Oddly, some of the best depictions of the “grunge” scene of the 1990s have come from non-NW residents: Mark Yarm’s oral history “Everybody Loves Our Town,” Everett True’s “Nirvana: The Biography” (which covered a lot more than Nirvana), and Doug Pray’s “Hype!,” just reissued on DVD and on Blu-ray for the first time. Then again, it might not be so odd; an outsider’s going to bring more objectivity to the venture, which can result in getting a fuller picture. Pray’s Hype! is a fond look at “grunge,” but also makes the point that the Northwest music scene encompassed more than that genre.
Hype! was terribly exciting when it was first released in 1996. In the days before Youtube, it was thrilling that Pray managed to dig up footage of the very first time Nirvana performed “Smells Like Teen Spirit” in public. But it also put the story in context, going back to the ‘80s as the scene was coalescing. The inherent insularity of the Pacific Northwest (lousy weather keeping you indoors so you practiced more; the lack of touring bands that even came to Seattle meaning there were fewer outside influences) led to the creation of a style of music that wasn’t trying to emulate anything. It was also largely for fun; those who wanted to “make it” in the music biz moved to NYC or LA.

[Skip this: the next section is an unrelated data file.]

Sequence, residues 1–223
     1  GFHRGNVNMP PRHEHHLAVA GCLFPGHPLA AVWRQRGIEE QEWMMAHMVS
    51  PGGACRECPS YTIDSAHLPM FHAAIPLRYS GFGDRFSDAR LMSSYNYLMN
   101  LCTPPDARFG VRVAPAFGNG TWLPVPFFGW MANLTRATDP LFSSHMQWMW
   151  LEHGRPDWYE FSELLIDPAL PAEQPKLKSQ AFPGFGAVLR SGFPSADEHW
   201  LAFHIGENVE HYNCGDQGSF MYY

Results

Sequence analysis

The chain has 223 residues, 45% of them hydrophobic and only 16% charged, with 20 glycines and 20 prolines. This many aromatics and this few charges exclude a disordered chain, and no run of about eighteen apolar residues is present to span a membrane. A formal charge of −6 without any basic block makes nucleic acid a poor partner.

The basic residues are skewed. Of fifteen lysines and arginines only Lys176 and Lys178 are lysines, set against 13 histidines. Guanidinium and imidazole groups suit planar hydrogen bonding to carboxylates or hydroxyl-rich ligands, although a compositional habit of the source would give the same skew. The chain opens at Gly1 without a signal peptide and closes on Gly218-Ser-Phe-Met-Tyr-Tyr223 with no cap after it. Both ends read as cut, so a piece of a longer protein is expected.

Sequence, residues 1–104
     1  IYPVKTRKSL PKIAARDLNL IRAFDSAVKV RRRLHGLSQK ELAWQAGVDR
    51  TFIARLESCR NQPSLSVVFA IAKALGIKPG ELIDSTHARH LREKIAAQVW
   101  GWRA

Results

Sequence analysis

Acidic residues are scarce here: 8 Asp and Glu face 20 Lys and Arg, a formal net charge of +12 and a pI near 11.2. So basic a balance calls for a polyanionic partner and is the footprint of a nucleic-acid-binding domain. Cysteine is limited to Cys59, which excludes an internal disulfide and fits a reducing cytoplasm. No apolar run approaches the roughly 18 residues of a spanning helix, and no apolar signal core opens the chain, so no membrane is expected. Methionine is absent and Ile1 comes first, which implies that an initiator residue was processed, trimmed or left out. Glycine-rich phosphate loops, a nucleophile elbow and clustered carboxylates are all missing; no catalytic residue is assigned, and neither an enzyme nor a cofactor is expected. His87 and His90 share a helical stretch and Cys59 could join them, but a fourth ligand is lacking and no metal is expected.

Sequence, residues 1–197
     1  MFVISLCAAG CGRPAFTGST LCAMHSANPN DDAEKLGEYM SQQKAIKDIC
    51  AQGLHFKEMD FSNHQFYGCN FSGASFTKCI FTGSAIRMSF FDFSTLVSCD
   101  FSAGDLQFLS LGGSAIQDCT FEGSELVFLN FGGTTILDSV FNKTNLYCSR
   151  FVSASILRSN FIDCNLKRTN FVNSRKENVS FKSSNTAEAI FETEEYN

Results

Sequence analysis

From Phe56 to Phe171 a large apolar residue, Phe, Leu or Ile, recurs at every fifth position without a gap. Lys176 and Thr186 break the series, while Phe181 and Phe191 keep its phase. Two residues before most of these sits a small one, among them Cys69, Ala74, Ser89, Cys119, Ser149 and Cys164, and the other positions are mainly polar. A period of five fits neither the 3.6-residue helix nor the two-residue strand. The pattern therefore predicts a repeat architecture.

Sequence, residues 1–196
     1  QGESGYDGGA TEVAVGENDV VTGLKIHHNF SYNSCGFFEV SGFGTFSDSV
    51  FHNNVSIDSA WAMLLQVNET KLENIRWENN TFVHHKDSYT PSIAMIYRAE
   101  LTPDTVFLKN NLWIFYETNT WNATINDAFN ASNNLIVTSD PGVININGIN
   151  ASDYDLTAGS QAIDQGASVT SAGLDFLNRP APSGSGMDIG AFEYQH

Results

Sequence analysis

The end result of was a music scene that didn’t take itself too seriously, which is an important element of Hype! Grunge was seen as angst-ridden music, which totally overlooked the humor that pervaded the scene: Mudhoney’s hilariously over-the-top performances, “grunge slang,” what photographer Charles Peterson calls the “element of dumb.” These weren’t bands, as “godfather of grunge” Jack Endino puts it, who were aspiring to technical perfection; they simply wanted to have a good time.
There’s a great roster of interviewees, and not just drawn from well-known acts like Pearl Jam, Soundgarden, Screaming Trees, Mudhoney, Bruce Pavitt and Jon Poneman from Sub Pop Records. There are also interviews and live performance clips of the Mono Men, the Gits, Coffin Break, Some Velvet Sidewalk, the Fastbacks, Gas Huffer, Dead Moon, and Flop, among others, nicely illustrating the breadth of the musical offerings. Some fun (if brief) archival clips too, of the U-Men and the pre-grunge cult film Rock ‘n’ Roll Mobster Girls (which starred the Doll Squad).
Among the bonus features is a short “Hype! 20 Years After” film, with new interviews. Everyone seems pretty grounded; Mudhoney, for example, signed to a major as a result of the grunge mania, got dropped, but are still out there making music. It’s also decidedly poignant. The music industry is quite a different beast now compared to 20 years ago, and it seems unlikely a scene could develop and flourish the way it did during the 1980s and 1990s; now bands are scrutinized from the get go, filmed and documented, “hyped” in a way it wasn’t possible to imagine back then. Developing out of the spotlight was what enabled the Seattle music scene to be so distinctive; no one was playing up to anyone’s expectations.
Hype! is a lively and engaging look at the period when Seattle was the center of the rock universe. And what a time we had.
There will be a special 20th Anniversary screening co-presented with Northwest Film Forum in Local Sightings Film Festival. Director Doug Pray, producer Peter Vogt and others will be in attendance and there will be live music before the screening! Get tickets HERE.